The Flight to Lucifer

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The Flight to Lucifer

The Flight to Lucifer is the only novel by the American literary critic Harold Bloom (born 1930 in New York). Published during 1979, it was composed as a sequel to the David Lindsay novel A Voyage to Arcturus, which supplied the concept of a voyage through space to a distant planet created by a demiurge, and a few other incidental features of the book. However, most of its content derives fairly directly from Gnosticism, which Bloom had studied.

Bloom has stated that he does not like the novel and has disowned it, although it has received very positive reviews from other sources.

Relationship to Lindsay's novel[edit]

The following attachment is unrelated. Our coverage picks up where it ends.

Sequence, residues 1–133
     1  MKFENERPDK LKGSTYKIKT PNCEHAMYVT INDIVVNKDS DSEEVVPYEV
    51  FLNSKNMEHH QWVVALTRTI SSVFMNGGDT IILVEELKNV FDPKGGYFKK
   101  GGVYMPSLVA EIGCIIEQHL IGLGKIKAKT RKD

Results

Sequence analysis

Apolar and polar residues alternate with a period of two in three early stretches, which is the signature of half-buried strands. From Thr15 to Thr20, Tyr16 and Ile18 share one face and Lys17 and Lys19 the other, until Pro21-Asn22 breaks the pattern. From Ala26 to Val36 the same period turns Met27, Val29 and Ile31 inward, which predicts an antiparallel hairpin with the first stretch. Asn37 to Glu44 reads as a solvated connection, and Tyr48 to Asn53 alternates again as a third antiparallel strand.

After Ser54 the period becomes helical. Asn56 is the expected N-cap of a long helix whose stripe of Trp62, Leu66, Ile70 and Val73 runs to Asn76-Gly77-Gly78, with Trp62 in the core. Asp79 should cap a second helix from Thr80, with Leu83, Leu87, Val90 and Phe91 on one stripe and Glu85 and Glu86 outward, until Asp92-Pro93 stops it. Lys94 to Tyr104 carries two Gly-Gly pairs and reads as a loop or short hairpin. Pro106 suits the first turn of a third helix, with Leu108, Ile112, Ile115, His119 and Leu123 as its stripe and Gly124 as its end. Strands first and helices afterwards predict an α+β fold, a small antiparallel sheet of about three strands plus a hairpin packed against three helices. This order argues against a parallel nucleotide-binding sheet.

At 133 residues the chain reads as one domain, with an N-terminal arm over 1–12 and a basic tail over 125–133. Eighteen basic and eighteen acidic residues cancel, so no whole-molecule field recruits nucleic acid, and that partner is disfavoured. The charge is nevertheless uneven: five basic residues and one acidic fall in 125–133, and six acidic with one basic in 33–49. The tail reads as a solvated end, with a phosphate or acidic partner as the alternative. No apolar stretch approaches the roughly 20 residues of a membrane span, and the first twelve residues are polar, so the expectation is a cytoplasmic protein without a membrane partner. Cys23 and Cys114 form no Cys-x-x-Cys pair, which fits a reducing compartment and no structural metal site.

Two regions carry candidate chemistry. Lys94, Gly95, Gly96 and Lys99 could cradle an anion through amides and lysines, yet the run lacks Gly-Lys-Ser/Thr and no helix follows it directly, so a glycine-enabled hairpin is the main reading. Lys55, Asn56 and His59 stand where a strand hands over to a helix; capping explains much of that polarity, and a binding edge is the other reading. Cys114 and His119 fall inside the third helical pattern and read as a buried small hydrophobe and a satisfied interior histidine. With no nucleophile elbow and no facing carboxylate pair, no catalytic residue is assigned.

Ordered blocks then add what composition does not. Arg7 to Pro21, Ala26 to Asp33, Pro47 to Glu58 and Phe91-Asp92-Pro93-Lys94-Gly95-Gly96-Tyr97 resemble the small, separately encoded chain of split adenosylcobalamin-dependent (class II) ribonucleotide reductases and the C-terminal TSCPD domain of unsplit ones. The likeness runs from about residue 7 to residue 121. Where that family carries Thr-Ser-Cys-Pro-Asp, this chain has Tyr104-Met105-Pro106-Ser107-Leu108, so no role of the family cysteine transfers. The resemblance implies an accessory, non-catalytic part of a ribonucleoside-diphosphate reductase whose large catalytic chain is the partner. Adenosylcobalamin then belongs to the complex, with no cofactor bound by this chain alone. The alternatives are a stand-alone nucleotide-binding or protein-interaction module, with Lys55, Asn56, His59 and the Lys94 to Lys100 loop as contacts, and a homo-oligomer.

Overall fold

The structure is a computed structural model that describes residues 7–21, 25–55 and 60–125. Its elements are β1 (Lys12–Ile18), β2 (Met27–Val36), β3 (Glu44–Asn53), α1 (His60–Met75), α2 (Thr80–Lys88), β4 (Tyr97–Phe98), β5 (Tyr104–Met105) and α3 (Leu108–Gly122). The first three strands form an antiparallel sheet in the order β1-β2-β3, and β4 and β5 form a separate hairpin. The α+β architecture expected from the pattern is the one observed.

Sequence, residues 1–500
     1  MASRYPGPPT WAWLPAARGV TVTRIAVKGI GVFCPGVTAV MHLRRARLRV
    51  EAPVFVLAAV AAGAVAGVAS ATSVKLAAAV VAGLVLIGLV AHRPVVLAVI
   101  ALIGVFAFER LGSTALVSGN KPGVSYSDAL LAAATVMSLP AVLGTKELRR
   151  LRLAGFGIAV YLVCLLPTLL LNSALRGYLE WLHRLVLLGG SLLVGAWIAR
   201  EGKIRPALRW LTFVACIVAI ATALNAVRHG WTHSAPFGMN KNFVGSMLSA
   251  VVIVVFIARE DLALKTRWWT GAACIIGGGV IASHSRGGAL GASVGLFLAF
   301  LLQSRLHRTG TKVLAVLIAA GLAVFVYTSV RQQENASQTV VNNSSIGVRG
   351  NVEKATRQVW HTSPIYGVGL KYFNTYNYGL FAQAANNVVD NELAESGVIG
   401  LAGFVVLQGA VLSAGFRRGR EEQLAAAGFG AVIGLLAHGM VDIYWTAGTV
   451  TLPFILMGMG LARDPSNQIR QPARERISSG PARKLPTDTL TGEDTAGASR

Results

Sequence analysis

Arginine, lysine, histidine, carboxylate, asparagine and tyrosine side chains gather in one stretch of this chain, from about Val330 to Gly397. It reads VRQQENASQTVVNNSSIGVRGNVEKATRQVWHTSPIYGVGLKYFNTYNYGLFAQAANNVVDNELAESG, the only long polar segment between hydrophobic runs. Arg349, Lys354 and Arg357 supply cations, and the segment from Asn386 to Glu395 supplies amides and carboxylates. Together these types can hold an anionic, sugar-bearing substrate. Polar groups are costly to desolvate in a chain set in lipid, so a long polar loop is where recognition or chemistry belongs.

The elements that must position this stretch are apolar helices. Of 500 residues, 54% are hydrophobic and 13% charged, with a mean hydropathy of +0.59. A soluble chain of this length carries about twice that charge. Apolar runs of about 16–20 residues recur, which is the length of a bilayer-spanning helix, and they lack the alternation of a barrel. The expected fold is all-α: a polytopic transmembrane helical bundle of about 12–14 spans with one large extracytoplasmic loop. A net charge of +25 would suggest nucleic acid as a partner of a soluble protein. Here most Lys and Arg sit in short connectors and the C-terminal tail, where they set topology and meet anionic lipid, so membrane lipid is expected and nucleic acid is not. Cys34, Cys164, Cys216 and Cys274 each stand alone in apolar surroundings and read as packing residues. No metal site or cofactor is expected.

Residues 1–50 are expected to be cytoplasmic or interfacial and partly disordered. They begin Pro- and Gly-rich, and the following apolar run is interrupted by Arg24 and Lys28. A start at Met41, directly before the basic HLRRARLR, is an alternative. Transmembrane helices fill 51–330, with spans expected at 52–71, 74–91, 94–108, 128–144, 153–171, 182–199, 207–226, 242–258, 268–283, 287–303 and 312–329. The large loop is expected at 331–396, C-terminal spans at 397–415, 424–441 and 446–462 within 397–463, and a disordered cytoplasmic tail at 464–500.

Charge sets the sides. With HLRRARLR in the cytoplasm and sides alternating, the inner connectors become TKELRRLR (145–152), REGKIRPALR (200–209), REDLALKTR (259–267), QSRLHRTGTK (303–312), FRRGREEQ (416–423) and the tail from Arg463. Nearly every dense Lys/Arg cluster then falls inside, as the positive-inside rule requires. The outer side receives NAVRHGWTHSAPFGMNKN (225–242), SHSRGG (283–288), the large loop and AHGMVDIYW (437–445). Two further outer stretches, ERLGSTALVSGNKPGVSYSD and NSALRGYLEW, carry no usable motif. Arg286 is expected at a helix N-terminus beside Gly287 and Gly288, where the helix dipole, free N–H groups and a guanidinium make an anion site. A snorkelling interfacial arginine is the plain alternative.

In Lindsay's novel, two men, the passionate giant Maskull and the thin, intense Nightspore, are taken from Earth to the planet Tormance by Krag, a mysterious figure who is a residue of the true godhead, Muspel, unassimilated by the false creations of Tormance's demiurge, Crystalman. Bloom's novel reproduces this formula, but with names drawn directly from the history and cosmology of Gnosticism. Maskull becomes Thomas Perscors ("through fire"), and is explicitly identified as an incarnation of Primal Man. Nightspore's correlate is Seth Valentinus, a reincarnation of the gnostic theologian Valentinus. Their guide is Olam, who is an Aeon, an emanation of the true god. The planet Lucifer is controlled by "Saklas", which is a Gnostic name for the false creator. Olam has brought Perscors to Lucifer to fight Saklas, and has brought Valentinus so he can remember his true self; this is also drawn from Lindsay. However, the details of their adventures are quite different, and in the end Perscors cripples Saklas and changes the order of things across all of Lucifer, whereas Nightspore's victory is merely to escape the clutches of Crystalman and see reality as it is, though he vows to return to the world and free others.